Purim and Puraya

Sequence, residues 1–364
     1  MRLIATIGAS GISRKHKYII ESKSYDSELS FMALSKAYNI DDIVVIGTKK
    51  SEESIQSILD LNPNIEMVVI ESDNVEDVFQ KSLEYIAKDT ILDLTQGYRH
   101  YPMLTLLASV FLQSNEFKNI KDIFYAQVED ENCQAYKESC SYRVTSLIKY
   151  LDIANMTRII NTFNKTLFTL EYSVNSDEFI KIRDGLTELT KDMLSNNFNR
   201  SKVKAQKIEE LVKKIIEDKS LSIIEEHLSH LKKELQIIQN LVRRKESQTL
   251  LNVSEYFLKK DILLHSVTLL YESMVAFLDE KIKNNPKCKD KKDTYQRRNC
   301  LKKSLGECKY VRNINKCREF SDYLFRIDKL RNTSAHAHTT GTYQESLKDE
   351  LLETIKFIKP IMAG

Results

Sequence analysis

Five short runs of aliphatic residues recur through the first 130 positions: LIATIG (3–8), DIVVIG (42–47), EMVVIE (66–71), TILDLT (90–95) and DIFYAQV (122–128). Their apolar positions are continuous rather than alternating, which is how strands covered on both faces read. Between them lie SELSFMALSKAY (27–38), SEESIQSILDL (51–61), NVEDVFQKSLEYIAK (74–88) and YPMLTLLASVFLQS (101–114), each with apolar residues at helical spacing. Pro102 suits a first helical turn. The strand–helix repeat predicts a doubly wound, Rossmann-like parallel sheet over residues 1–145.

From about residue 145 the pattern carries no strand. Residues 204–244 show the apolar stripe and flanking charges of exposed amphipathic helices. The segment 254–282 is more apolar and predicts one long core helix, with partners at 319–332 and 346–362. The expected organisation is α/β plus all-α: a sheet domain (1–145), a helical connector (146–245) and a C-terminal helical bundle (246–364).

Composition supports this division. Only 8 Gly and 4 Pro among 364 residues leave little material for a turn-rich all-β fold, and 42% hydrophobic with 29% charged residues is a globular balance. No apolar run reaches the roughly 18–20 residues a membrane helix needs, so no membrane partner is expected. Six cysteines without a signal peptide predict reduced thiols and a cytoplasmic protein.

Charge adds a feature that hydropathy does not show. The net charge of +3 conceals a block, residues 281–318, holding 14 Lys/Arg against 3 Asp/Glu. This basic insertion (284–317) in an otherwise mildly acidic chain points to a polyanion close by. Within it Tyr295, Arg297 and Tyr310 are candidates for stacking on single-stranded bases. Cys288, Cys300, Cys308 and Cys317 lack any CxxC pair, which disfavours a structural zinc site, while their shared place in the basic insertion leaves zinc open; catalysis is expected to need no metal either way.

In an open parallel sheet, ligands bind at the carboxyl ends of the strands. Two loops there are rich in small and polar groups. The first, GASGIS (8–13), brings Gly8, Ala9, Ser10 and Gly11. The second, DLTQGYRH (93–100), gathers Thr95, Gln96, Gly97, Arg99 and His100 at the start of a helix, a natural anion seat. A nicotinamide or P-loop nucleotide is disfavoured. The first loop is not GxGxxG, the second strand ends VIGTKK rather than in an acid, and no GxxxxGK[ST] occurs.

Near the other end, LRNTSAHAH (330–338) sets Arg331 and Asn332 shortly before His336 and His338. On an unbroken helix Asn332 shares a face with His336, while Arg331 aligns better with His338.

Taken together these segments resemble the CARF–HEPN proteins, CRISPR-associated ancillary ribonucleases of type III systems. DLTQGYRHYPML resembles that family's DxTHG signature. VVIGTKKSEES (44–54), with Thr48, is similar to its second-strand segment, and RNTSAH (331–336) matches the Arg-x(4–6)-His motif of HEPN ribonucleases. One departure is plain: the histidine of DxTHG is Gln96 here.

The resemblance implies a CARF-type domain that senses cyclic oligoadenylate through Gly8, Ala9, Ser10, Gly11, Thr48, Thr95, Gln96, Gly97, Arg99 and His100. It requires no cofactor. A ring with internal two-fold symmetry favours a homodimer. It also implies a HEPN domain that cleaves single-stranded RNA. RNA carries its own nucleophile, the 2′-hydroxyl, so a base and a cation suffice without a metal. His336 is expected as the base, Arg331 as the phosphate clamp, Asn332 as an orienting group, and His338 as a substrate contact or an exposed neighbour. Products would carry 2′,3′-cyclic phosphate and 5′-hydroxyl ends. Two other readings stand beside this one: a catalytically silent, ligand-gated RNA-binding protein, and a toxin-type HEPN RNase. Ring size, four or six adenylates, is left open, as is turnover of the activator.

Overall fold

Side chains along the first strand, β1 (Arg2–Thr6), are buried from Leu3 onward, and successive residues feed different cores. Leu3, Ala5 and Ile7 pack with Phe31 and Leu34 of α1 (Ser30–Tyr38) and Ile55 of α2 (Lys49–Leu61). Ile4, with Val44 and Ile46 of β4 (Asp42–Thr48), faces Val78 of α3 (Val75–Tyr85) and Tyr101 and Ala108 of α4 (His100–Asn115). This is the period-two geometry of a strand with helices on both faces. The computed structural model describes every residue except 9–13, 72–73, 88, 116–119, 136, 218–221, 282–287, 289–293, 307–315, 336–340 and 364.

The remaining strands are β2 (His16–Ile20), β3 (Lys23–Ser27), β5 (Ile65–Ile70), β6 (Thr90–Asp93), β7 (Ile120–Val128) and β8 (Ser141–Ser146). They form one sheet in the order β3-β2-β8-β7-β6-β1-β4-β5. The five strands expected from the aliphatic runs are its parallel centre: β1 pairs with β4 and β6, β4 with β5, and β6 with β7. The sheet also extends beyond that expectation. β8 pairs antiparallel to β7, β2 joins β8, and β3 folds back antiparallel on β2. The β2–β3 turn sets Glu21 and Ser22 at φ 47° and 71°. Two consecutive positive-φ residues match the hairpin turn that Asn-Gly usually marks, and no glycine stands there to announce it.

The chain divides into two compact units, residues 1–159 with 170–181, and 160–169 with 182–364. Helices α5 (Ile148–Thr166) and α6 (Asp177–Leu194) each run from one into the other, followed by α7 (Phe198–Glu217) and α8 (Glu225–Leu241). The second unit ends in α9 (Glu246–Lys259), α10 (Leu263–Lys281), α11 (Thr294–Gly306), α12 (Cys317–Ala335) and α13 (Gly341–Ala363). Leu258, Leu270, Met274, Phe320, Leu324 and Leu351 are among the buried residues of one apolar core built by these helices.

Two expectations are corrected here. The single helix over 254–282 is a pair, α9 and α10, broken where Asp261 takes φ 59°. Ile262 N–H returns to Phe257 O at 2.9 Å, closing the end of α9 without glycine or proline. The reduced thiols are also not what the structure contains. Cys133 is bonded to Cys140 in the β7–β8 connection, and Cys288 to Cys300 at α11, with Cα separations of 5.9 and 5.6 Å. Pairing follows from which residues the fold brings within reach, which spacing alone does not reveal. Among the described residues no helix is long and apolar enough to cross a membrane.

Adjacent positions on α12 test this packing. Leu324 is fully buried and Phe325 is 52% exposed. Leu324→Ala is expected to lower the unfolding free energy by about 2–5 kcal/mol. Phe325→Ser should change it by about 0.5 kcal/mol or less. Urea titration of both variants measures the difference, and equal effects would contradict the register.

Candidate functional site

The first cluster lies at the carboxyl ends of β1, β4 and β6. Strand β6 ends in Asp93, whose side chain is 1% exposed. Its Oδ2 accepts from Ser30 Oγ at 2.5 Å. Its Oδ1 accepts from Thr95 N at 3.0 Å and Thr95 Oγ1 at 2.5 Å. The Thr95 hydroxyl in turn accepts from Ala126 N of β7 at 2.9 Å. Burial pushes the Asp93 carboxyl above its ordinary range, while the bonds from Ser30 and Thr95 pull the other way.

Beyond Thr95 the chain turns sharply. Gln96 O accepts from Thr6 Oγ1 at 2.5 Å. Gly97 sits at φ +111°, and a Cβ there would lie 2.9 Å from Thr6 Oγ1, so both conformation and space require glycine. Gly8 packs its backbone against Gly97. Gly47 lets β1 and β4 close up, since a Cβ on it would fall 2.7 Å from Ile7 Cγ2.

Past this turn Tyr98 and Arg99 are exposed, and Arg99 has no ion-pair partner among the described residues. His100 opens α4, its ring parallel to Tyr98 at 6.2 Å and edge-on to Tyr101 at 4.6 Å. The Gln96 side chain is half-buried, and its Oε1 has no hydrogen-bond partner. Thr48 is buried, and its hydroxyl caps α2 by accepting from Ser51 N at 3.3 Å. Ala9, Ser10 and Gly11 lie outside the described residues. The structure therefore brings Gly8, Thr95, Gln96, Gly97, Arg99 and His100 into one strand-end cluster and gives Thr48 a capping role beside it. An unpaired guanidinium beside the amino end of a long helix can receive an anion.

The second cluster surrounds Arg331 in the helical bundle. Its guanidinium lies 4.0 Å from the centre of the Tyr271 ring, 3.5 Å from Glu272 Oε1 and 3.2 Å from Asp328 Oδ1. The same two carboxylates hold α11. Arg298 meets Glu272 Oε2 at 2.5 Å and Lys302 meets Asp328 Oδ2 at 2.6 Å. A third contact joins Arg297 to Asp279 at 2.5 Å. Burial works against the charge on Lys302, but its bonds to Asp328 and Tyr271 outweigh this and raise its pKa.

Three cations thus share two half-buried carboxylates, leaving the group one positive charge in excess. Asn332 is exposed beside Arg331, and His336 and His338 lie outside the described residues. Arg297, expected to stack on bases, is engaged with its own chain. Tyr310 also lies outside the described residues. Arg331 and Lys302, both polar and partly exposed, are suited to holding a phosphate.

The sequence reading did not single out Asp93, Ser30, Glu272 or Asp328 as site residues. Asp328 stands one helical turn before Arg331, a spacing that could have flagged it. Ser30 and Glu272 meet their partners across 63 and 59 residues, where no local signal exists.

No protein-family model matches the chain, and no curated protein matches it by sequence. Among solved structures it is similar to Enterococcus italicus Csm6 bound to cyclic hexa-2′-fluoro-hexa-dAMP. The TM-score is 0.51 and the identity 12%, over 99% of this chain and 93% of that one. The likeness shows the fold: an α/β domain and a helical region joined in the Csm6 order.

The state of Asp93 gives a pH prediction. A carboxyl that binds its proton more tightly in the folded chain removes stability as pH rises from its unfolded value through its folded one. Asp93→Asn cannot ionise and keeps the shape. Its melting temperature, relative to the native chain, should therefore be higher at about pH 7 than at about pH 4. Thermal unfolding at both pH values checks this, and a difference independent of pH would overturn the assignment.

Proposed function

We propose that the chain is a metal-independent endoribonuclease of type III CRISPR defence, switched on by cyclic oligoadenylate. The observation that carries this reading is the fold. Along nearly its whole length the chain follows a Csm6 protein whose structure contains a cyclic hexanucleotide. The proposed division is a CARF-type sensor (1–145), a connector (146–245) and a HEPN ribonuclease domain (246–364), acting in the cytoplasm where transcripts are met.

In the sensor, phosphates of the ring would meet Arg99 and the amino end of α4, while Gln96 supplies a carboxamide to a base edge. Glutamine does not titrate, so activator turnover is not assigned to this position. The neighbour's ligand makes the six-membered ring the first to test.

This one is sure to have everyone thinking. The Gemara refers to Purim as Puraya, which also means a bed in Aramaic. What does Purim have to do with a bed? Towards the end of the Megillah it is said (Esther 7:8) veHaman nofeil al hamitah asher Esther aleha, Haman had fallen onto the couch upon which Esther was. Essentially, this was the downfall of Haman, because when Achashveirosh saw Haman fallen on the couch, he accused Haman of assaulting the queen while he, the king, was in the house. When the king uttered this, they covered Haman’s face and he was subsequently hanged. Thus, it is fitting that the festival is called Purim, or Puraya, because Haman had intended to hang Mordechai and instead, because he fell on the bed, he was hanged. Furthermore, the Seder HaYom writes that one should become intoxicated to the point that he falls to the ground, as Haman sought to spill Jewish blood to the ground. This interpretation would also be in line with the idea that Haman fell on the Puraya, the bed, and since our potential downfall was transformed to Haman’s downfall, i.e. when he fell on the bed, we refer to the festival as Puraya. An alternative interpretation of Puraya is that it is said (Tehillim 128:3) eshtecho kigefen poriyah, your wife will be like a fruitful vine. Thus, Puraya also connotes wine, and the mitzvah on Purim is to drink wine. For this reason the festival is referred to as Puraya.
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